Group Dental Savings Plan

A group dental savings plan is a non-insurance type of dental coverage that's a more affordable option for small businesses. Members of a group dental savings plan pay a low annual fee to access a network of dental professionals. These dentists have agreed to accept a reduced fee from patients who are members of the group dental plan.

This type of plan is also very easy to manage as there aren't any annual limits to monitor or claims to file with an insurance company. It's a great way for people to use group buying power to receive discounts on dental work.

Small Business Dental Insurance FAQs

Do Small Business Owners Have to Offer Dental Insurance to Employees?

Small business owners aren't required to offer dental insurance to employees. According to the Affordable Care Act (ACA), employers are only required to offer access to health insurance once the company reaches 50 employees. Even though dental coverage isn't mandatory, it does add more appeal to a company's benefits package.

What Is the Small Business Health Options Program?

The ACA established a new program for small employers who have less than 50 full-time employees. It's called the Small Business Health Options Program (SHOP). SHOP enables small businesses to provide health and dental coverage to their workers. It's also how employers gain eligibility for the Small Business Health Care Tax Credit, which helps to decrease premium costs.

How Do I Find Dental Coverage Through the SHOP?

The ACA Marketplace is where you can access dental plans with high or low coverage options. You can purchase a medical plan that includes dental coverage or choose a stand-alone dental plan. Contact a SHOP-registered agent or broker to learn more about your options. They'll also be able to explain enrollment periods, exclusions, and any required waiting periods.

How Do I Find the Best Dental Insurance?

You'll need to shop around online to find the best dental plan for your small business. Here are some things you should look for when comparing different plans:

  • Affordable out-of-pocket costs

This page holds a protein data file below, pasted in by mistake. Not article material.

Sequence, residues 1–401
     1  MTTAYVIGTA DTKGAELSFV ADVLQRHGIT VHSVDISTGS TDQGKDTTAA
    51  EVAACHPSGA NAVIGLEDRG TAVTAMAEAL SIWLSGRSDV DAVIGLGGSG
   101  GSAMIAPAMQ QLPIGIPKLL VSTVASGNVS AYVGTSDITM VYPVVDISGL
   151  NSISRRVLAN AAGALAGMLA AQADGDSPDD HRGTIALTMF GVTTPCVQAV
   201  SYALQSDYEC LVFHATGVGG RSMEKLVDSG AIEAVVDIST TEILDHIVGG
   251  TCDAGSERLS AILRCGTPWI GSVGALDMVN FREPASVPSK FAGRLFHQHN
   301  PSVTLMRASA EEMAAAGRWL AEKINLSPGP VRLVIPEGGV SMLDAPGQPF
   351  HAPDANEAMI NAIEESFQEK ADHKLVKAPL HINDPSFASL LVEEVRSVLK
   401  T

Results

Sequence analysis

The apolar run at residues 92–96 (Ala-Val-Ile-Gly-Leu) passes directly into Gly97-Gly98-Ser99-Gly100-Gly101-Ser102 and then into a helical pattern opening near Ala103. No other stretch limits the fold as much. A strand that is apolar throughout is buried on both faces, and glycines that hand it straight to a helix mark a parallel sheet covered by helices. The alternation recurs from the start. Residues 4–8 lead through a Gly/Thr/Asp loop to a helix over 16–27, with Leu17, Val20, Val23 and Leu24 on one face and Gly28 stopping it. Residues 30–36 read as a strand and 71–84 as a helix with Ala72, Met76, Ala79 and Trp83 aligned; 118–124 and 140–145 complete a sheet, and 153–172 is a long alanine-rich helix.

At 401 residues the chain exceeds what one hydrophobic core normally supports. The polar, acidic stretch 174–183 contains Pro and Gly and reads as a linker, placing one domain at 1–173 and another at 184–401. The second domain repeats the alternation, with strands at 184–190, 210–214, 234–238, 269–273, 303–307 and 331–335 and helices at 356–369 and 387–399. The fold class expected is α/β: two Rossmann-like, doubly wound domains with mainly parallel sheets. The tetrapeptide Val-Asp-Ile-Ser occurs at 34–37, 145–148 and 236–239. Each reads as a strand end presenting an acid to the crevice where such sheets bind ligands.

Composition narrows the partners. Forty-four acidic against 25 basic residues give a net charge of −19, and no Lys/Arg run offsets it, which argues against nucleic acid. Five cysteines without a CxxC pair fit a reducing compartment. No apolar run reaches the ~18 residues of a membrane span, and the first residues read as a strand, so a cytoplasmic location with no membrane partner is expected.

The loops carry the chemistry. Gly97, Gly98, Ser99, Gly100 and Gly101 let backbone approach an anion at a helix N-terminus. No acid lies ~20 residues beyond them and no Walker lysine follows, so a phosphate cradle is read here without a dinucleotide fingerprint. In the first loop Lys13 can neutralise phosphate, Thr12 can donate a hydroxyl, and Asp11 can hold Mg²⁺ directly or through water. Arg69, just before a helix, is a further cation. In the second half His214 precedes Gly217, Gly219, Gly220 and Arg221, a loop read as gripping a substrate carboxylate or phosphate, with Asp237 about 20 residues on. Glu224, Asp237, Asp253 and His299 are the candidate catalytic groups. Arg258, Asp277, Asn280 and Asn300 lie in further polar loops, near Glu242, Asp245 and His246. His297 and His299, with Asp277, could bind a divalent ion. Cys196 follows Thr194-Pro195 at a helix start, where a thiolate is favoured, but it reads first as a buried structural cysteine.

• Few exclusions
  • Flexible plan options
  • Large provider network
  • Low premiums
  • Minimal waiting periods

Some online resources also list the best dental insurance companies so you can check out their rankings, too. These lists are an easy way to compare many companies in one place and get a quick overview of the pros and cons of each insurer and their dental plans. Companies like Cigna, Humana, and Delta Dental often come out on top as dental insurers.

How Much Does Dental Insurance Cost Employers?

Dental insurance pricing varies widely depending on the type of coverage you choose. The amount you pay per employee also depends on the percentage of the premium you're willing or able to cover. You might find it helpful to talk to an insurance agent and an accountant to determine your options and what level of pricing you can afford.

How Much Does Dental Insurance Cost Employees?

When an employee enrolls in a dental plan through their employer, they typically pay a monthly premium to receive dental care. Some plans also require employees to make a copayment at the time of service. Not all dental procedures are covered 100% by insurance companies, so there will be some out-of-pocket costs after insurance has paid their portion.

How much employees pay for dental care will vary each year depending on their (and their dependents', if applicable) oral health care needs. The average American pays about $360 per year for dental coverage.

Is Paying for Dental Insurance Worth It?

The cost-efficiency of paying for a dental insurance plan varies depending on the plan's pricing, service coverage, and individual circumstances. For example, a single person with a generally healthy dental history won't pay as much as an employee paying for insurance to cover themselves, their spouse, and their children. Choosing a dental insurance plan with flexible options enables your employees to find the right dental coverage for their needs.

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Notice to the Reader

The content within this article is meant to be used as general guidelines and may not apply to your specific situation. Always consult with an insurance professional to ensure that you're meeting all required insurance obligations as set forth by law.